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law extends to mining business also. In Wisconsin it does not apply to contracts for labor by the week, month, or year (O. 4365; Wis. 1729; Minn. 2441). In Rhode Island 10 hours is considered a day's work, unless otherwise agreed, for labor performed in any manufacturing establishment and all mechanical labor (R. I. 198, 24). In Michigan 10 hours constitute a legal day's work, in the absence of special agreement or pay for overtime, in all factories, workshops, salt blocks, sawmills, logging or lumber camps, Jooms or drives, or other places used for mechanical, manufacturing, or other purposes, where men or women are employed” (Mich. 1885, 137, 1). In New Jersey 10 hours shall be considered a legal day's labor for menor women in all cotton, woolen, silk, paper, glass, and flax factories, and in manufactories of iron and brass (N. J. Rev. 1877, p. 485, 17). In Maryland there is a complicated law which in substance requires a special contract in case of male employees working more than 10 hours per day, with extra pay by the hour (Md. G. L. 100, 2). A local law of Maryland makes 10 hours per day a day's work in mines, in the absence of special contract, with extra pay (Md. L. L. 194). A similar law existed in Ohio as to railways, but was declared unconstitutional by the Ohio courts (O. 1890, p. 112, 1).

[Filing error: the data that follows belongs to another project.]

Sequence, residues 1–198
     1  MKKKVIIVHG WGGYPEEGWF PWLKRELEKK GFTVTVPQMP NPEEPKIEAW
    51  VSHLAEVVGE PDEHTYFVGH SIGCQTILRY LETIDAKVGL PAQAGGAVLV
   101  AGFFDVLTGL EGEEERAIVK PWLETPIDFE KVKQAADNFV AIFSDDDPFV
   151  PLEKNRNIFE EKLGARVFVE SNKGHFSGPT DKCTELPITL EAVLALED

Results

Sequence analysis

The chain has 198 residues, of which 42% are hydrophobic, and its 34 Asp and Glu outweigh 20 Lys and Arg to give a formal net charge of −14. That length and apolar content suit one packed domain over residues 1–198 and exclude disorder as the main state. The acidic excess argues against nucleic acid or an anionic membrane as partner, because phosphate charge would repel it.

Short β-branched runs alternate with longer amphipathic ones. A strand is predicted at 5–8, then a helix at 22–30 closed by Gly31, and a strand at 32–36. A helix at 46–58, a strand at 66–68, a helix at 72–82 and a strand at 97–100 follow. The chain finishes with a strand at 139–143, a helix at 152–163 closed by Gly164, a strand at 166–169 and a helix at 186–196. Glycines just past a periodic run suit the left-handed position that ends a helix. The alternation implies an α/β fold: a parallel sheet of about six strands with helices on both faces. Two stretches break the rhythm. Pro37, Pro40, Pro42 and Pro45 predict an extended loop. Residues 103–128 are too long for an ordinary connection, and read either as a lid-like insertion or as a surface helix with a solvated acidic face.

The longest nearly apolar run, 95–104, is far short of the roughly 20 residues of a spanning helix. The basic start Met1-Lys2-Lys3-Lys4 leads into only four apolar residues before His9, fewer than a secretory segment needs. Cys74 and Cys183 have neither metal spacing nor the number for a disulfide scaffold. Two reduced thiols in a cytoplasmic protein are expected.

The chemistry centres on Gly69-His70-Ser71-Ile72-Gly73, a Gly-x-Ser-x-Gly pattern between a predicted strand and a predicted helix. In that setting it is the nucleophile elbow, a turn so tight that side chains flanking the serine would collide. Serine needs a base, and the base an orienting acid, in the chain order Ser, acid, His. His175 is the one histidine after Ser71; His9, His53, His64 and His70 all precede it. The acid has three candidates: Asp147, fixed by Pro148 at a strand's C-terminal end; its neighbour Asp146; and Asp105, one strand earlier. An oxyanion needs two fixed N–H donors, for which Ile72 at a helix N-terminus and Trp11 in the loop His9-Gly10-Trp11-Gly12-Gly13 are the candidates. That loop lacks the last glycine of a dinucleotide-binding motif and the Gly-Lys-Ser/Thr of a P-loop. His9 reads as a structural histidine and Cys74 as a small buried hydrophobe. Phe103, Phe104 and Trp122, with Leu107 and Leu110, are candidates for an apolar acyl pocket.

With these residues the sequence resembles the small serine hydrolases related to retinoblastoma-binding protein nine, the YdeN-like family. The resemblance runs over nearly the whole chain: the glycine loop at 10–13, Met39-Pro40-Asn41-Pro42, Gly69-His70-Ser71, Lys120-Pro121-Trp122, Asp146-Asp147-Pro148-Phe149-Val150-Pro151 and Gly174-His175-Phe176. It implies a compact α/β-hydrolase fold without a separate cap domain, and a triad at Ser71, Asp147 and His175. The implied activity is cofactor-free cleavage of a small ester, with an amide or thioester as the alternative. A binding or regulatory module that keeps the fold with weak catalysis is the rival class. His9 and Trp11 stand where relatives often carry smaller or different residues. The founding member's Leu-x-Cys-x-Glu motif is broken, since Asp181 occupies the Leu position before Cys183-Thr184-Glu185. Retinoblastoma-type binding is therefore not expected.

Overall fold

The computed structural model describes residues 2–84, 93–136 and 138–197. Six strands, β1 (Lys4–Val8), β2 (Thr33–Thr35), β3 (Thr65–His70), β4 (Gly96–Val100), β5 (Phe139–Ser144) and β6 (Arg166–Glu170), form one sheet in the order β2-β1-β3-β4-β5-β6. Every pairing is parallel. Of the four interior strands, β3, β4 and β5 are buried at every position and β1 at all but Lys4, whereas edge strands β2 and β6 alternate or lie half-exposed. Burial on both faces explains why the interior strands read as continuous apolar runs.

Railroads.-Ten hours is declared a day's work for all classes of steam-railroad employees in New York (G. L. 32, 1, 7), Ohio (1890, p.112, § 1), Michigan (1893, 177), and Minnesota (8 6965); and so as to street railways in New York (ib., $ 5), Massachusetts (1894, 508, 9), and Washington (1895, 100); or, as to street railways, 12 hours in Pennsylvania (Dig., p. 1829), Maryland (1898, 123, 793), California (Pol. C., 3246), South Carolina (1897, 294), Louisiana (1886, 95), and New Jersey (1887, 112); and such work must usually be performed within twelve consecutive hours, but extra pay is allowed for overtime.
1 The Ohio law is as follows (sec. 4365):
In all engagements to labor in any mechanical, manufacturing, or mining business, a day's work, when the contract is silent upon the subject, or where there is no express contract, shall consist of eight hours; and all agreements, contracts, or engagements in reference to such labor shall be so construed.
For example, in Minnesota (G. S., sec. 6965): No company operating a railroad over thirty (30) miles in length in whole or in part within this State shall permit or require any conductor or brakeman, engineer or fireman, or any trainman who has worked in his respective capacity for twenty consecutive hours, or twenty hours within any period of twenty-four consecutive hours, except in case of casualty, to again go on duty or perform any work until he has had at least eight hours' rest. On all lines of railroad operated in this State ten hours shall constitute a day's work, or any less number of hours which shall be agreed upon by such companies and persons, and every hour in excess of said ten hours' work that any conductor, engineer, fireman, brakeman or any trainman in employ of the company who works under the direction of a superior, or at the request of the company, shall be required or permitted to work, he shall be paid pro rata for such service in addition to his